I have a Toyota Solara. The inverted V rope arrangement sounds interesting. I’d love to see a diagram of that. Haven’t found one yet with google.

I’m familiar with the idea of putting permanent tie down loops under the hood and trunk using 1” tube strap. I do that on my Honda Odyssey minivan (thanks to suggestions here.)

On the Solara right now I have permanent eyelets under the bumpers, one on each side of each bumper. I have ropes pre tied with a small carabineer (cheap version, not climbers quality) to hook to the eyelet, and a loop in the rope, ready for a trucker’s hitch. Putting two die downs, one from each of those eyelets under each side of the bumper would make inverted V’s right?

Is the leverage better though if coming out of the hood and trunk? Maybe less downward force on the ropes and more sideways force, when the wind is pushing on the bow.

Is it better for the tie downs to come out of the front of the hood or sides of the hood closer to the windshield? There’s a nice crossbar under the hood back toward the windshield that would be easy to put tie downs on. I don’t see anything right away in the trunk.

Paul S.

Tie Down
I use Thule Set to Go saddles on an OEM rack that I got with my small hatchback. There is only 26 to 28" between the front and rear crossbars and I have no trouble at all securing either my 18’ Heritage Shearwater or my 16.5’ Hurricane Tracer.

Malone vs HullRaiser

– Last Updated: Aug-25-06 11:43 AM EST –

Wow, people love the Malones! I had posted before on best J cradles and there were a lot of Malone fans. Can anyone give a specific comparison of Malone vs Yakima HullRaiser?

I find the metal tube construction of the HullRaiser appealing for rigidity, long life, and maybe lower noise, over the injection molded plastic of the Malones. This is all theory as I haven't seen either up close. I'm sure the Malones hug the hull better. I did see the one comment about no noise with the Malones.

The way the straps go under the crossbar in front of the kayak on the HullRaisers seems secure too. Not relying just on the bolted connection between the crossbar and the Js. Maybe that can be done on the Malones also.


Paul S.

malones are great
i personally do not like the j cradles from them…but that is just me…i have the gullwings and they fit ANY boat, or ladder for that matter, i can put on the roof…although i did get the stax for the surf boat sot aht the fins do not dig into my roof anymore…oops…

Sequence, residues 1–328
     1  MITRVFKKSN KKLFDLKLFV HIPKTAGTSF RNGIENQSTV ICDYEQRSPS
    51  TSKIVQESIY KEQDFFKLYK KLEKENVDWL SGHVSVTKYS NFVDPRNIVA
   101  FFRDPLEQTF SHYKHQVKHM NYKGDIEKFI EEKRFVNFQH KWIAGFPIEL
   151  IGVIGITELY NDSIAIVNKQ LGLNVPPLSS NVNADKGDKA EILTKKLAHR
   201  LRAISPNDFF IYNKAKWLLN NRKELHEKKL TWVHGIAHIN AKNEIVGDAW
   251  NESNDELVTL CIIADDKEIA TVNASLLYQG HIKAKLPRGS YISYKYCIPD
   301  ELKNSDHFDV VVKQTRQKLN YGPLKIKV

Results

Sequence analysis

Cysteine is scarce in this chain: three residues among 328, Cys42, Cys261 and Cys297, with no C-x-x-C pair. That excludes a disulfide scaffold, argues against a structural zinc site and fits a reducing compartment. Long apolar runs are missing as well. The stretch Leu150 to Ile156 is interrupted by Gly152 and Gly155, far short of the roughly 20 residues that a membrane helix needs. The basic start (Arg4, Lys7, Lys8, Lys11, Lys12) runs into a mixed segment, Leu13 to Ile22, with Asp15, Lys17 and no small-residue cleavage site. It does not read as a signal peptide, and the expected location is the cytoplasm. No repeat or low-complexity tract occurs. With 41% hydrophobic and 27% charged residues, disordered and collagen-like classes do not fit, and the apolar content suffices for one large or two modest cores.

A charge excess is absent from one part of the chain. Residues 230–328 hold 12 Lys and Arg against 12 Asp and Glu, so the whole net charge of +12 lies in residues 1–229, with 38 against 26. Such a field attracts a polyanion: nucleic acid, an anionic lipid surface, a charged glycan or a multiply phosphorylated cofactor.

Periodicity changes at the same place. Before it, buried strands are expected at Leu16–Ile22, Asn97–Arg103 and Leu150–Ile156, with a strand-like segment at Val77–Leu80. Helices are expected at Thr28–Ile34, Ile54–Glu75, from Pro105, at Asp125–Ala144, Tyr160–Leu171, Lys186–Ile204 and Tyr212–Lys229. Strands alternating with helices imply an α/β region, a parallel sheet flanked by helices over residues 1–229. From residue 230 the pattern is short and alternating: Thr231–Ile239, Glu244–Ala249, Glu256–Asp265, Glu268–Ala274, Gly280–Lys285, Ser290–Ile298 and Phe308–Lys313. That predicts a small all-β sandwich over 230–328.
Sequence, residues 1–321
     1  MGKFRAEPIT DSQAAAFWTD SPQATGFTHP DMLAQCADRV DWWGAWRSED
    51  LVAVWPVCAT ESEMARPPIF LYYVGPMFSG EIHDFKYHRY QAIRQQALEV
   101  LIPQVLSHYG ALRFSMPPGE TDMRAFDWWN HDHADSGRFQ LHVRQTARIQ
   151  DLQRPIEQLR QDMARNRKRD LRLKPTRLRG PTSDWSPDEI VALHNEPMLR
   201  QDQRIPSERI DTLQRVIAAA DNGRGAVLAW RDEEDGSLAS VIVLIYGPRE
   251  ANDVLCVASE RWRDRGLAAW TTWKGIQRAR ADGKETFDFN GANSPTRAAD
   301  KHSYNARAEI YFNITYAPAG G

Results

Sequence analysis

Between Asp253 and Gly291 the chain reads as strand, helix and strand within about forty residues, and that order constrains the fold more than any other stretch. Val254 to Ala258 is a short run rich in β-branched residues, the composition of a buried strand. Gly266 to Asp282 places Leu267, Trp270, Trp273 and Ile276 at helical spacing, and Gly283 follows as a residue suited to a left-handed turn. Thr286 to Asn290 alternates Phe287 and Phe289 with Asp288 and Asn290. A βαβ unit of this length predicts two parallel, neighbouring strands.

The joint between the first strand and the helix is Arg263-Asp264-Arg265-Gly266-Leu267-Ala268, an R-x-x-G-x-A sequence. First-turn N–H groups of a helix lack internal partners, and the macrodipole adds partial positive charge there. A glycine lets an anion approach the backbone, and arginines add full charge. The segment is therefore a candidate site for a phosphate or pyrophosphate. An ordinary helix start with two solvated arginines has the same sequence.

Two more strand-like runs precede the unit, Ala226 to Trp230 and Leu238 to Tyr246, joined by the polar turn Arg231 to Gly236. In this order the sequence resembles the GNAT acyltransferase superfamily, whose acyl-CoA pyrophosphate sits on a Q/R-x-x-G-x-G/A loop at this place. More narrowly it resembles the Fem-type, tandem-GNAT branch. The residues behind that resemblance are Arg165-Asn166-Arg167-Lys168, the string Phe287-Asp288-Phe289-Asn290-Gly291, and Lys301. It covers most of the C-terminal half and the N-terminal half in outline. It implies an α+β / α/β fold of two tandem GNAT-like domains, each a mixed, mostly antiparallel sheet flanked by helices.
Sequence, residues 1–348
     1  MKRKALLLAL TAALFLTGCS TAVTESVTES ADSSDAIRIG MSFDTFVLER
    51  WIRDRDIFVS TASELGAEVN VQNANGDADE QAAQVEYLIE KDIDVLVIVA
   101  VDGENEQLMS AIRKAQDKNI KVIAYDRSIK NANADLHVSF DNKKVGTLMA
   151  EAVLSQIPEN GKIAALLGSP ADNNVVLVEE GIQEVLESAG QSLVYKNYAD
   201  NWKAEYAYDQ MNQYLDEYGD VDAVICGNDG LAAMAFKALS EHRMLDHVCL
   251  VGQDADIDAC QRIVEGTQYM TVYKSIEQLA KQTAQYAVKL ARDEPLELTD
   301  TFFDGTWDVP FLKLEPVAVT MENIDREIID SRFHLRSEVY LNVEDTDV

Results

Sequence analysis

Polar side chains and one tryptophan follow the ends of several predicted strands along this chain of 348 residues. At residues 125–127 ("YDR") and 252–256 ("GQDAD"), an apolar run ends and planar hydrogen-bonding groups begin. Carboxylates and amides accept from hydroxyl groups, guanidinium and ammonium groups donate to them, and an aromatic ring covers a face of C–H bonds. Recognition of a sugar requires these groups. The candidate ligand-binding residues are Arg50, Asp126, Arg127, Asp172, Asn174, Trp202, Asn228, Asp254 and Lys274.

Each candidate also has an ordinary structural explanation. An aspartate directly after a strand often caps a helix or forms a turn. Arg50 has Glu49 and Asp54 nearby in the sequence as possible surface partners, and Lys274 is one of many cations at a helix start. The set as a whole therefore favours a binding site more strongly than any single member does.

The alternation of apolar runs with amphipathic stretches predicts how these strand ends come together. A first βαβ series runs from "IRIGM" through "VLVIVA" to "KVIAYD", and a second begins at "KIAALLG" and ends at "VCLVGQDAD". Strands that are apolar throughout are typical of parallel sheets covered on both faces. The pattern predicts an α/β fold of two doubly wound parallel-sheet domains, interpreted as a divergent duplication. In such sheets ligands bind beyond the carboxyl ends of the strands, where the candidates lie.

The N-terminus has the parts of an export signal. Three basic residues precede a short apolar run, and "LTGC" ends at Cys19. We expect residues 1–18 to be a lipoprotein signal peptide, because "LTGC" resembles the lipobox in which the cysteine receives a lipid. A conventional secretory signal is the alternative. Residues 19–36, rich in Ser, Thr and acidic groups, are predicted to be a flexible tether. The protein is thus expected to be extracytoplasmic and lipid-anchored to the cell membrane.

long boats i do not usually use tie downs for around town…highway i use a bow tie down and that is it…never had ANY problems…

You’ve got the right idea
Using hood loops (compared to lower anchor points) increases the angle in the inverted “V”, so there’s more resistance to side-to-side movement. Also, using hood loops keeps your tie downs short, and can avert disasters like having a loose tiedown get stuck under a moving wheel. When viewed from the side of the car, your front and rear tie down should both angle slightly inward from boat to car, or slightly outward for really short boats. The idea is that your boat wouldn’t move much if your rack or components suddenly became loose.

Here’s what I’m gonna do.
I think I’m gonna buy Malone Js. Sounds like the Thule saddles would conform and hold well too. (Interesting that the Thule site has a Wilderness boat in the photo for the saddles.) Looks like the Js will load really easy though and will also hold the boat in place, just like saddles would. I’ve been curious to try Js anyway, so I guess that’s why they win out for me. If I don’t like them I suspect an add here that says something like, “Malone Js, used once, $60 to your door” will get rid of them quickly, and chalk it up to a $50 experiment.

I’ll also experiment around with straps coming out of the hood and inverted V rig.

Thanks as always.

Paul S.

Here’s a question
Tried the Malone Xv Js as I mentioned in another post. Fit wasn’t too good. They flex quite a bit on the rack too.

Here’s a question relating to saddles vs Js.

Which orientation of the kayak do you think catches more cross wind out at the end one third?